For these reasons I recommend using old-fashioned paper calendars. You need ones that have enough space for each day to write down necessary information. A family calendar needs to be where it can be easily seen, not on the back of a door that is always opened or a spot most people just walk past. Encourage your children to add events to the family calendar. In fact I always want my older students to post calendars in their room — perhaps a printout of three months — so they can see the space of time over a quarter to help them manage the requirements of multiple classes. You might also encourage your student to cross off each day to bring home the visual point that the deadline is getting closer. There are free downloadable calendars and planners at donnayoung.org. If you download a calendar to go into a binder, be sure to print it off on card stock so that it will last a whole month without ripping out its holes.

Learning to depend on the view of a month is a critical part of improving executive functioning. Trained educational therapists will be able to help the whole family develop effective strategies to meet project deadlines.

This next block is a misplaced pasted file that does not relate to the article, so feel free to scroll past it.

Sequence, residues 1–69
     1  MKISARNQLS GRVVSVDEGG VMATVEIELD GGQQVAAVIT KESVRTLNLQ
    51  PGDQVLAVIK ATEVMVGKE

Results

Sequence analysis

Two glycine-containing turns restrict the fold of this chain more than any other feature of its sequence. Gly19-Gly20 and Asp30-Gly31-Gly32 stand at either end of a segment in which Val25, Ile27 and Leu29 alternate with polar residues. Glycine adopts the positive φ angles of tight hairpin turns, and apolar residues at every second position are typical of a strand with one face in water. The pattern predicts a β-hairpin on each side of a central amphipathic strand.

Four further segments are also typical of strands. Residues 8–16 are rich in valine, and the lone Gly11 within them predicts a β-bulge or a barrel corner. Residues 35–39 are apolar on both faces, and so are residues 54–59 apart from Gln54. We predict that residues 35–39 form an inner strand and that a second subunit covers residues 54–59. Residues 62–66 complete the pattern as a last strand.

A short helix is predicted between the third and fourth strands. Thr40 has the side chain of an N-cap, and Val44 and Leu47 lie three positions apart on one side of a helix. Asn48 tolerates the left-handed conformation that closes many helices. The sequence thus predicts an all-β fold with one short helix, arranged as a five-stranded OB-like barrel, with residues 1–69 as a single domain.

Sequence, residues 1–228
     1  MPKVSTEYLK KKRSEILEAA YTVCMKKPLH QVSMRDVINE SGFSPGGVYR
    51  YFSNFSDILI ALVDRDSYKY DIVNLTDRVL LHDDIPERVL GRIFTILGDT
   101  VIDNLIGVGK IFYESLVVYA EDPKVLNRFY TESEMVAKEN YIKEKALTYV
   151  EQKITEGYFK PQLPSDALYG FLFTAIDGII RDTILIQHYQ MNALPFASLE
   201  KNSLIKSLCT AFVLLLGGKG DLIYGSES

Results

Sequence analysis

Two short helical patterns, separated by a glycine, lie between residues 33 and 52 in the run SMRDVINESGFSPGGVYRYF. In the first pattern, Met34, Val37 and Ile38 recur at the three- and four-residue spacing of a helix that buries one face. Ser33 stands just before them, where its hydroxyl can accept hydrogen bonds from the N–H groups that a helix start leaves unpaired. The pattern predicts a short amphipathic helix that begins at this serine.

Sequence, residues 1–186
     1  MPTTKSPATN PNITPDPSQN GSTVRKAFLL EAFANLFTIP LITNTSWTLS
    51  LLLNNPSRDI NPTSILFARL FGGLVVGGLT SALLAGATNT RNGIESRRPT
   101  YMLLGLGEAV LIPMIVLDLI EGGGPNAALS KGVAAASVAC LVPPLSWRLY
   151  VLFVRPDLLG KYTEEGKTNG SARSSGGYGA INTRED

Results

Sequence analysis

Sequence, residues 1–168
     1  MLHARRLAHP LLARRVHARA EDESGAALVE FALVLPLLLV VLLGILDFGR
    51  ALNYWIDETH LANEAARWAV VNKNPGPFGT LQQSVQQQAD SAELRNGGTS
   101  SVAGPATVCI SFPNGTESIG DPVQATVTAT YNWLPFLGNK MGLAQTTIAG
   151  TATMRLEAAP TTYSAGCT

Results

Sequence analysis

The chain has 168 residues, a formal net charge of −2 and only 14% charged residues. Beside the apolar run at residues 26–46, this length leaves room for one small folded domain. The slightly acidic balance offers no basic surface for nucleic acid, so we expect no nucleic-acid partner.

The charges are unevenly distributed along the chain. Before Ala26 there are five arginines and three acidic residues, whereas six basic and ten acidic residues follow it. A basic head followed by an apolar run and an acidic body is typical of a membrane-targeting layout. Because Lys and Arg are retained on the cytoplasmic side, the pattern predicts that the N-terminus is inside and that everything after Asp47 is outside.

Watch this blog over the coming months for more parent tips to help your child with executive functioning.

ABOUT THE AUTHOR: Marydee Sklar is an educator and learning coach in Portland, Oregon and author of the award-winning book: Seeing What I Need to Do—Visual Tools for Executive Functioning Success. Learn more at ExecutiveFunctioningSuccess.com.

TIP 7: The Importance of Analog Watches

If the brain has executive functioning deficits it lacks an internal sense of the passing of time. The best way to get around the problem is to be able to "see" the passage of time by using an "old-fashioned" analog timepiece. That's one with a round face with numerals and lines representing 12 hours. In a previous Tip 1 talked about the important difference between analog and digital clocks .

In this Tip, I want to focus on watches.

Today a huge number of people don't wear watches. When asked why, they say they don't need one because they have a… cell phone. Yes, you can check the time on a cell phone but where do you keep it? It is usually in a pocket, or in a purse, or in a backpack, where it is out of sight and out of mind thus making time out of sight and out of mind too.